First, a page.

Advice on how to take advantage of passive activity losses

2 Replies

So I make over 150k in W2 income and should continue that for the foreseeable future. Given that, how can I take advantage from a tax perspective of losses on passive activity from owning rental properties? I imagine that if I was going to sell, at least these first properties, it'd be a 1031 to buy a larger one, which from my understanding you can't deduct carried over losses on since it isn't a taxable event. Thanks for any help!

@Andrew Merewitz  ,

When you do like-kind exchanges, if you really want to free up the PAL, you can structure a transaction to receive a boot(including cash) in the 1031 transaction. The boot is treated as passive income and you will get to deduct the losses.

On top of that. 

1)First, see if you can find a way to decrease your AGI below 150 in you are on the borderline. Bunch of ways to do that. There are IRA and other designated IRA that can bring down your AGI.

2)If you make way over 150k, than I would suggest investing in a diversified property group with different outcomes (some rentals might not have a good future appreciation or in a bad area, but have a good cash flow that will absorb your other rental loss ).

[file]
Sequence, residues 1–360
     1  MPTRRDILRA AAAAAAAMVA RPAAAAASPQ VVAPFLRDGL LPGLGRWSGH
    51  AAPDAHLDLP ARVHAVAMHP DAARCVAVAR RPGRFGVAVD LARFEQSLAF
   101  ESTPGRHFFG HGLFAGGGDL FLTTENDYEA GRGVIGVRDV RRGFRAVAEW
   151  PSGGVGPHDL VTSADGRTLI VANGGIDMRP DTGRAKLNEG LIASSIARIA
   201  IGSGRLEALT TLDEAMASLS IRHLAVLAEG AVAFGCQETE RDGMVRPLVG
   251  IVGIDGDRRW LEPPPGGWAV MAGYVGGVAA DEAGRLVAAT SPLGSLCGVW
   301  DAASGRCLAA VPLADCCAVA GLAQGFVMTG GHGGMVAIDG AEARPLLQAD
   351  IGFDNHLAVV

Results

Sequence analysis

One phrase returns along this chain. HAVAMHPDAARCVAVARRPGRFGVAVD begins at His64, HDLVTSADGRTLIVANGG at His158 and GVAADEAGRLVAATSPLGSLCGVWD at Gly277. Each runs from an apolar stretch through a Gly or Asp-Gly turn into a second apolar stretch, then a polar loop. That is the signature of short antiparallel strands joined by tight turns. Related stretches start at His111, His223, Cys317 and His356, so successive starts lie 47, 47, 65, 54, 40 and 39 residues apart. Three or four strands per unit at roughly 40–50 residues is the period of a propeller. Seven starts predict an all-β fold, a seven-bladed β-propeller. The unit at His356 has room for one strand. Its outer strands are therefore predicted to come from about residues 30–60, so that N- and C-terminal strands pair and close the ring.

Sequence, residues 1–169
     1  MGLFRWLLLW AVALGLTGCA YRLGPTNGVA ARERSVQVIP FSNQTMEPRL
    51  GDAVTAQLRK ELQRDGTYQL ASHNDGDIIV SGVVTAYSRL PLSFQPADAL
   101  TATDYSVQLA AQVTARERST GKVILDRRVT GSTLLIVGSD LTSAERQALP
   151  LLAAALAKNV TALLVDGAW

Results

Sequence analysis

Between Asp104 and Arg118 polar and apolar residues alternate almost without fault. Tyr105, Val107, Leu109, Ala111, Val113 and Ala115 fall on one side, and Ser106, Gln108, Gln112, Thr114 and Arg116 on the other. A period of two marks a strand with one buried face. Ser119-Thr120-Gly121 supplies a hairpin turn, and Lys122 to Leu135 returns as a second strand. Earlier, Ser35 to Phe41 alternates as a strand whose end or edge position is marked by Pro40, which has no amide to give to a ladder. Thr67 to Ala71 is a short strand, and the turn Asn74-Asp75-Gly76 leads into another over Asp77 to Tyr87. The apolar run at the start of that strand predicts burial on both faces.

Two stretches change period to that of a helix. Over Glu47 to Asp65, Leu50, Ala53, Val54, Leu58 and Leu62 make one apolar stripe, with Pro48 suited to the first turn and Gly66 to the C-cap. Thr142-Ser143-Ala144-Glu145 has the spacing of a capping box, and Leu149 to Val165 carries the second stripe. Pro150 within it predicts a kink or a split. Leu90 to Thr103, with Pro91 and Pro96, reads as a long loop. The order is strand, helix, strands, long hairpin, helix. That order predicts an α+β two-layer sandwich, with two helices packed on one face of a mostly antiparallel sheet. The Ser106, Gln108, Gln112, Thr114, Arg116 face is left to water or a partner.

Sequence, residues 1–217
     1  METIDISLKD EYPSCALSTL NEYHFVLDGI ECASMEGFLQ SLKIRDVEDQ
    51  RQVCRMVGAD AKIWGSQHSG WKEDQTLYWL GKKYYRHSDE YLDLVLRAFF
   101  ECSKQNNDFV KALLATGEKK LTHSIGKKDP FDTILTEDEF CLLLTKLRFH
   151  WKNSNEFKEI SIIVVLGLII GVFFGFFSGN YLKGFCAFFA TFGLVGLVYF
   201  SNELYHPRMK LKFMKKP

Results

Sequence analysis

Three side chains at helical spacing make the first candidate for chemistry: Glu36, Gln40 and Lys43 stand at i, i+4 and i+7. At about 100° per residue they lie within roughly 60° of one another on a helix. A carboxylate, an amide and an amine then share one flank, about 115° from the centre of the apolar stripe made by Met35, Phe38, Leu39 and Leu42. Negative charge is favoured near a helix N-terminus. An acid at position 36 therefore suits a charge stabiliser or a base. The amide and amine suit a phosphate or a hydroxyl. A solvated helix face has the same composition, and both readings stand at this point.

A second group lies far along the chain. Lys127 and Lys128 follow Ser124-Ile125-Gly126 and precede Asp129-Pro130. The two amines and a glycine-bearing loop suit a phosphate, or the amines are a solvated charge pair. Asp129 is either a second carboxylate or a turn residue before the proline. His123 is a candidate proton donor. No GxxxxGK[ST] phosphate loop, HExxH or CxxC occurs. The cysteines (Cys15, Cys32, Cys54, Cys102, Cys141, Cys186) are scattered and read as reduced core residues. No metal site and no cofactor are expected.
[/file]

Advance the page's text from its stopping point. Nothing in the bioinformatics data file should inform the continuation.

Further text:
3) Invest in other business as a passive investor where you can generate passive income. You should be diversifying your investments anyways if you're a high earner. 

4) Look into self-charged interest ( your interest income from lending to your business) that converts your interest income ( which is normally a portfolio income) to passive income. You can then offset a passive loss. 

( I know it is a complicated topic, please talk to qualified professional) 

@Ashish Acharya

Thank you for that info, that's very helpful!

I am fortunately well above the 150k mark. The option of counting part of the 1031 transaction as passive income is a great option. 

As far as diversifying, I definitely agree. Unfortunately, I don't quite meet the accredited investor qualifications yet, I will in a years time. There's some real estate investor groups here in nyc, but they all require accredited investor status. Also, many of them require 100k, which is more than I'd want to put into one fund at this point (only 27, so though I make a good income, not enough savings to have 100k in multiple ventures). 

I have a comfortable amount in stock market and then a good chunk (40-60k) saved for my first real estate purchase. Hoping to BRRRR and get into 2-3 properties this year then hopefully another 3 next year and go from there.

You're advice about diversifying is definitely good though, I'll make sure to keep that in mind. And yes, as you mentioned, this is complicated and I'll be working with a CPA throughout, thank you!

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